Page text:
Date of Award




Document Type


Degree Name

Doctor of Philosophy (PhD)


Department of Sociology

Content Description

1 online resource (vii, 115 pages) : illustrations (some color)

Dissertation/Thesis Chair

Steven F. Messner

Committee Members

Glenn D. Deane, Tse-Chuan Yang


Anomie, China, Confucianism, Corruption Perception, Legalism, Corruption, Legalism (Chinese philosophy), Anomy

Subject Categories

Criminology | Sociology


Recent years have witnessed a steadily increasing scholarly interest in perceptions of corruption, particularly in terms of level and prevalence. However, previous studies have largely overlooked perceived seriousness as another unique dimension of corruption perception. Furthermore, previous studies seeking causes of corruption perception have failed to consider cultural factors at either the individual or aggregate level as potential predictors. To fill the gap, the current dissertation employs the 2014 Chinese Family Panel Studies and other relevant data to explore the relationships between corruption seriousness perception and cultural factors. This dissertation strategically examines two individual cultural attachments (i.e., Confucianism and Legalism attachments) and an overarching socio-cultural context (i.e., structural anomie). In addition to their direct effects, this research also explores potential indirect effects of structural anomie and its effect as a moderator. Using cluster robust-standard errors modeling, this dissertation finds that 1) stronger attachments to Confucianism and Legalism increase corruption seriousness perception; 2) structural anomie reduces corruption seriousness perception indirectly via decreased Legalism attachment; 3) structural anomie works as a moderator to attenuate the effect of Confucianism attachment. Research and policy implications are discussed. The dissertation concludes with a discussion on possible directions future research on corruption perception could take.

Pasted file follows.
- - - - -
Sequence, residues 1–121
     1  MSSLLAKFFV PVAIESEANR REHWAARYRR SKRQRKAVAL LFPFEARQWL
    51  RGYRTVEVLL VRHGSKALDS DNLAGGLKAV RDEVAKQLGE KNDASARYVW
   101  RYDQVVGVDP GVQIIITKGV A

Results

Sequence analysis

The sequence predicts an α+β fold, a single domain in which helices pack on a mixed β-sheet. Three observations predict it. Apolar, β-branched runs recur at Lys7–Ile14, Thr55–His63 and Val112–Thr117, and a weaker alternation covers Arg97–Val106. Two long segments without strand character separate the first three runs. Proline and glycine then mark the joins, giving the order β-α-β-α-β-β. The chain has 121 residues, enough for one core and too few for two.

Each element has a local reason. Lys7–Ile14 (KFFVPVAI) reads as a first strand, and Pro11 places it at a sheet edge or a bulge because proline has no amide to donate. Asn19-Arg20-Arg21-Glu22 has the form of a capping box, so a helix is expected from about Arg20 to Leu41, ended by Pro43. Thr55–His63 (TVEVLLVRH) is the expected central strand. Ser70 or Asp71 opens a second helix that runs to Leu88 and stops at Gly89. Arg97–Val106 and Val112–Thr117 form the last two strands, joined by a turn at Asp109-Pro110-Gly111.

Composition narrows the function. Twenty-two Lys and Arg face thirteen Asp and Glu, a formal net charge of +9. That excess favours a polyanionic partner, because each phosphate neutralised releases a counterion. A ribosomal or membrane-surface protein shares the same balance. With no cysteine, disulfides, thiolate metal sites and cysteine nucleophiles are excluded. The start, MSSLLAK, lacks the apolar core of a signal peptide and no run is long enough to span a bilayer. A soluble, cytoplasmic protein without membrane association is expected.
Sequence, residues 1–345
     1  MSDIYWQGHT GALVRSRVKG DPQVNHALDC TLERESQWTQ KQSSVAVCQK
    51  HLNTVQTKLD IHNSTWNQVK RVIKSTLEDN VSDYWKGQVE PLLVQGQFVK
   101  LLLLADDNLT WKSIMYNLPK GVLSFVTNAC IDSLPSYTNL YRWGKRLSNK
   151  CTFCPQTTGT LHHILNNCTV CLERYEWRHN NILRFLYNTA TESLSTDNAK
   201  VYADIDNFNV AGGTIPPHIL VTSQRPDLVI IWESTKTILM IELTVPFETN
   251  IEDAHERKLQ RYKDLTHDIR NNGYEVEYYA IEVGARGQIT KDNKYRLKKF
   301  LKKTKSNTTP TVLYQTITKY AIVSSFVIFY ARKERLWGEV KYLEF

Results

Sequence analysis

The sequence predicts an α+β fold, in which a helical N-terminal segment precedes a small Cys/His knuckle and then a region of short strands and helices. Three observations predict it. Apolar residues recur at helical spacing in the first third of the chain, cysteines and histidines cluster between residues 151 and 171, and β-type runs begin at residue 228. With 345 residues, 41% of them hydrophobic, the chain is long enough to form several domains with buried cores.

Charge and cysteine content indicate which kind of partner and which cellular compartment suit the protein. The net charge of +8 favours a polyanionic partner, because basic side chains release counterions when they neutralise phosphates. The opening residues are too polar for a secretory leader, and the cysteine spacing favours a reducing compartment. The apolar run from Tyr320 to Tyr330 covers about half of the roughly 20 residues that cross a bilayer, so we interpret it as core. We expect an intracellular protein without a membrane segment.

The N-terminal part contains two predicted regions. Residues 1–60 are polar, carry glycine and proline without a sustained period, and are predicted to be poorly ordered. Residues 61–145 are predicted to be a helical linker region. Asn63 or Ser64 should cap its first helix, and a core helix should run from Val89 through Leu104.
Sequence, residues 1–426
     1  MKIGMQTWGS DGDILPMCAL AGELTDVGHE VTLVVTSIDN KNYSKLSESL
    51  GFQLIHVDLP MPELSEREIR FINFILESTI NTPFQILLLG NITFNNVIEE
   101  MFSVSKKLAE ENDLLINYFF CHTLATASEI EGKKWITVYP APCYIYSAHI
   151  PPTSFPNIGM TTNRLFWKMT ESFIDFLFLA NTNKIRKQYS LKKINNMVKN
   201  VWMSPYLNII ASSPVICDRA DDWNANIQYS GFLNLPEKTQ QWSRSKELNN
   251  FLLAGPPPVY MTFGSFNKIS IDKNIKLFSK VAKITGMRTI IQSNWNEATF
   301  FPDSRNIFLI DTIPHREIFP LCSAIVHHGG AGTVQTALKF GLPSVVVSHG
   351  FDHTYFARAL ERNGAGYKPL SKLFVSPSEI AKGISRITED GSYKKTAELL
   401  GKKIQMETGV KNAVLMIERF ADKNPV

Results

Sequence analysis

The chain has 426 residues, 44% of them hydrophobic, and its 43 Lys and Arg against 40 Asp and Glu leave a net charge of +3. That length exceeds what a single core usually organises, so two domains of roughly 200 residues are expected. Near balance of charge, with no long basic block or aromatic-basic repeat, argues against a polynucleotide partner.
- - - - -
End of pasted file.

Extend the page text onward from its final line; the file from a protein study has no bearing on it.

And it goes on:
Included in

Criminology Commons